Sweet Nurse Anesthetist tilted the monitor to my left so I could have the perfect view. A blue drape blocked my view of Dr. Top-Flight Knee Surgeon and crew, though I could hear him educating a surgical resident standing by.

"I can still feel a little bit of pressure," I worriedly told Sweet Nurse Anesthetist.

Don't you worry one bit. I'm here to make sure you don't feel any pain whatsoever. I'll make sure you're fast asleep if I think there's any chance you'll feel something.

And she patted me on the shoulder and head.

I closed my eyes and asked her to tell me when he was "in." 

He's in!

"Wait. That fast? I can't feel anything." (First stupid thing I said.)

And thus began the Incredible Journey Inside Kathleen's Knee.  I could see everything and feel absolutely nothing. I watched as Dr. Top-Flight Knee Surgeon buffed some rough spots, pointed out a troublesome patch the size of a quarter under my kneecap, and "released" a stubborn little band that has been causing me trouble for years. And that was it.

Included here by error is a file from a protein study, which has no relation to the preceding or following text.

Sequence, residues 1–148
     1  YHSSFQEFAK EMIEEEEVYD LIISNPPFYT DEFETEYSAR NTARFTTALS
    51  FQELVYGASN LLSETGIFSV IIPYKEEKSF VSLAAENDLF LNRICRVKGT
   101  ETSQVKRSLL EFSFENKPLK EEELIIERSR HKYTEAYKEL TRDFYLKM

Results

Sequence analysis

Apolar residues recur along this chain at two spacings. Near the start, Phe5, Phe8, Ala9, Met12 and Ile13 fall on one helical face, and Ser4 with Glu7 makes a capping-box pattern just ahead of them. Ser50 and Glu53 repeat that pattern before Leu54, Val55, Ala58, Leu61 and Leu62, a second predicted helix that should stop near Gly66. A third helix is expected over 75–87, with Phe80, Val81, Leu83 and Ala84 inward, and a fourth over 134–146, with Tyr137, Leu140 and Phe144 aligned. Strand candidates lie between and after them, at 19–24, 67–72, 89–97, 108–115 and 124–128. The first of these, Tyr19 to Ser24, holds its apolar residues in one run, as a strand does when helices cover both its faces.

Well, almost. My knee was wrapped and a cooling contraption attached to an ice-and-water-filled thermos thing was strapped on top, and then the team lifted something that looked a lot like a log with a foot attached to it. 

"WHOA! Is that my leg?"

(Second stupid thing I said. But sheesh that's a weird sensation to see a part of your body be moved and not feel a thing!)

They politely laughed, said yes, counted to 3, and shifted me back to my rolling bed. And off I went to recovery.

At some point, Dr. Painkiller came in to check on me and see how I was doing, which I thought was a little odd since he's done 8000 of these spinals. As it turns out, I have some tough little ligaments in my back that bent his needle, but he managed to deaden half my body anyway. I've got to give that guy a lot of credit. He certainly kept his cool! I usually let slip a swear word when I bend a needle and that's just during beading.

In the recovery room, I didn't say one stupid thing (at least that I know of) and the nurse told me she hadn't had such a fun conversation in a long time. Two diet cokes and a granola bar later, it was time to go.